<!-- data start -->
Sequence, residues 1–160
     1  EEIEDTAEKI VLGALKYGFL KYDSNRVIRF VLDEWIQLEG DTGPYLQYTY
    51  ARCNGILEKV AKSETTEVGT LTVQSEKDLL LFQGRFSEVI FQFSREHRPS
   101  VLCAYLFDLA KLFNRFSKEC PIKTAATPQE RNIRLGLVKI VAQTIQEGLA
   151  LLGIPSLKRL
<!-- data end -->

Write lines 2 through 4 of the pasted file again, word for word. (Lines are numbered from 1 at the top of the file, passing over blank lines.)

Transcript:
     1  EEIEDTAEKI VLGALKYGFL KYDSNRVIRF VLDEWIQLEG DTGPYLQYTY
    51  ARCNGILEKV AKSETTEVGT LTVQSEKDLL LFQGRFSEVI FQFSREHRPS
   101  VLCAYLFDLA KLFNRFSKEC PIKTAATPQE RNIRLGLVKI VAQTIQEGLA